Artistic Biography 1990-2016
John Harding is one of Australia's leading playwrights, with eleven productions staged, and /or broadcast here and abroad.
John is the founding member of Ilbijerri ATSI Theatre Cooperative( Melbourne), its first artistic Director and a tireless worker in the struggle to create a space for Indigenous people on the Australian Stage.
In 1990 John wrote “Not Just Bricks and Mortar” for the Victorian Housing Commission which was staged at the Inaugural Melbourne Fringe Festival.
In 1991 John wrote “Up The Road” as Ilbijerri’s inaugural production.
John wrote a “ Little Blak book of Poems”, a book of poetry in 1994 published by Dynamo House (Melbourne)
John was the Artistic Director of the Nambundah Arts Festival at Belvoir Theatre in 1996
.John wrote "Up The Road" for Ilbijerri's first production, and went on to win the Australian Human Rights Award, for its second extended production and national tour in 1997, toured nationally by Belvoir Theatre and directed by Neil Armfield.
John has lectured on Indigenous theatre in various universities, and schools,.
John has directed his last three major productions, "Enuff at the Malthouse,(2002) "No Parking(2001)" at Theatreworks, and Second Helping"(2005) at North Melbourne's Arts House.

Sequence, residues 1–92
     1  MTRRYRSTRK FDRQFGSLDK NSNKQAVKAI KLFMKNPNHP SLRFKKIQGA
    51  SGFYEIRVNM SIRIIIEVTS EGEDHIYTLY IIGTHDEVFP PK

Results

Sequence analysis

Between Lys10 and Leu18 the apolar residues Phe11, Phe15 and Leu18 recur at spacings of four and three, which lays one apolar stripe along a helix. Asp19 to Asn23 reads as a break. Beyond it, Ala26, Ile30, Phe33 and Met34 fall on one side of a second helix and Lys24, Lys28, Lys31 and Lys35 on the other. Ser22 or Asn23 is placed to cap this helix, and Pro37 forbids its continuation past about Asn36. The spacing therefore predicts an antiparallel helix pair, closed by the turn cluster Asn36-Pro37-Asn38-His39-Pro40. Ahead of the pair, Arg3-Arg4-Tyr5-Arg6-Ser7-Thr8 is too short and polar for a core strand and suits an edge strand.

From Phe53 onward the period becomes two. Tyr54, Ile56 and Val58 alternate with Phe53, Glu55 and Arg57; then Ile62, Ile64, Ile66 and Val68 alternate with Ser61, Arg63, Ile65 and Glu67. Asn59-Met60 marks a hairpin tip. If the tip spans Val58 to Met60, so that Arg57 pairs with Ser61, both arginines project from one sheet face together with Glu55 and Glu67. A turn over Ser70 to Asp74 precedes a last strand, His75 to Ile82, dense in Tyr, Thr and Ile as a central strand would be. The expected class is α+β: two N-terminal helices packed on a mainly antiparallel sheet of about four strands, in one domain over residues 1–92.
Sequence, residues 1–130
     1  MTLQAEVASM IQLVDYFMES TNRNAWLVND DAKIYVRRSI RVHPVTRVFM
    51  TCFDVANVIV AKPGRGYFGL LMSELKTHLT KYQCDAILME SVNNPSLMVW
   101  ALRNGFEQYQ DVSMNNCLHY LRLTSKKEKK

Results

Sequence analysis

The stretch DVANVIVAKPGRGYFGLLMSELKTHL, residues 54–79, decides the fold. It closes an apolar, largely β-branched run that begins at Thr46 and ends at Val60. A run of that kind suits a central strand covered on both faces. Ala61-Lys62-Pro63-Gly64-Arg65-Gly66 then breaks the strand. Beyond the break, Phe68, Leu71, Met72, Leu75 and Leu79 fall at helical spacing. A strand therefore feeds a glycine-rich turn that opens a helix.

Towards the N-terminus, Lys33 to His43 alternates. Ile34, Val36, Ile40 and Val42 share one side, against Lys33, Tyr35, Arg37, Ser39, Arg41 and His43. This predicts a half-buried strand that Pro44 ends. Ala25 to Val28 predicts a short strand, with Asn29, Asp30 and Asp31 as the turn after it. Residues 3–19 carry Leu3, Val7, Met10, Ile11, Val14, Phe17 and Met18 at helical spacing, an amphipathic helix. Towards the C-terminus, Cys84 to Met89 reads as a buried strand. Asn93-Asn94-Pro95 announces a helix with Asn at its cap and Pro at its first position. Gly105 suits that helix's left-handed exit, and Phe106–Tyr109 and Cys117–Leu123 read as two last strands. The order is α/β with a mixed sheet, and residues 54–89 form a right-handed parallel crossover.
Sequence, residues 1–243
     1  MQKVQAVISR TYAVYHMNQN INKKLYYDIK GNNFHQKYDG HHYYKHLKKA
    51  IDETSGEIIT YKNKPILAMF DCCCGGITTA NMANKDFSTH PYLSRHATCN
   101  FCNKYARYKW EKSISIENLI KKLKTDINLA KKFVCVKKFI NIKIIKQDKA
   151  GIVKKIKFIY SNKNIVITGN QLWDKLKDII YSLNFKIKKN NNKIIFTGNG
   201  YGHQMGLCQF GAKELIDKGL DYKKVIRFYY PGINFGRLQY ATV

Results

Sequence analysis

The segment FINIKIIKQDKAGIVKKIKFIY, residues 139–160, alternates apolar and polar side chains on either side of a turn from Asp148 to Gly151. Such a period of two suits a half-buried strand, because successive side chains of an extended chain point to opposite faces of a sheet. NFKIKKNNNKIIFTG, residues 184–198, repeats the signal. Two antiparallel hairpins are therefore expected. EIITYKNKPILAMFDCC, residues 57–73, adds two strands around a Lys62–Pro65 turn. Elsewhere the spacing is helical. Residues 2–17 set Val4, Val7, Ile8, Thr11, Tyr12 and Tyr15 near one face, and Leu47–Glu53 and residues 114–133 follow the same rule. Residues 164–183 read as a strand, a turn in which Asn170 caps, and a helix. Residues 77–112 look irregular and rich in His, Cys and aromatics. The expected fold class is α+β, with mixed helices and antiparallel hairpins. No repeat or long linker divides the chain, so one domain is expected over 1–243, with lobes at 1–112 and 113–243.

John is also an accomplished performer, co-writing and co-starring in "Blak and Tran II” (2004),with Hung Le (Adelaide and Melbourne International Comedy Festival), and Natives Striking Blak (Adelaide and Melbourne International Comedy Festivals) (2007) for Ilbijerri Theatre. John has worked in television for ABC "Blackout" show, and SBS "ICAM Program,. While at SBS John created the first Indigenous comedy show, a twenty-six part series "The Masters",directed by Michael Riley.
John has recently moved into film and has made three documentaries, “Nganampa Manta” (PY Media) for the Pitjatjanjara people and “Fitzroy Stars” (Movie Mischief), both bought by Message Stick for ABC television. The third documentary short film was commissioned by City of Melbourne and called “Lets Talk Treaty” as a part of the 2011 Laneways Program.
In 2012 John is wrote a play about the two Tasmanian Aborigines that were hung at the Old Melbourne gaol in 1842.It is entitled “For the Love of a Sista!
John won consecutive arts grants from City of Melbourne in 2014 and 2015 for the workshopping of his theatre script “Sisterly Love” based on the Black renegade uprising of Tasmanians Truganinni, Tunnerminnerwait and Maulboyheenner across Westernport Bay in Victoria in 1842.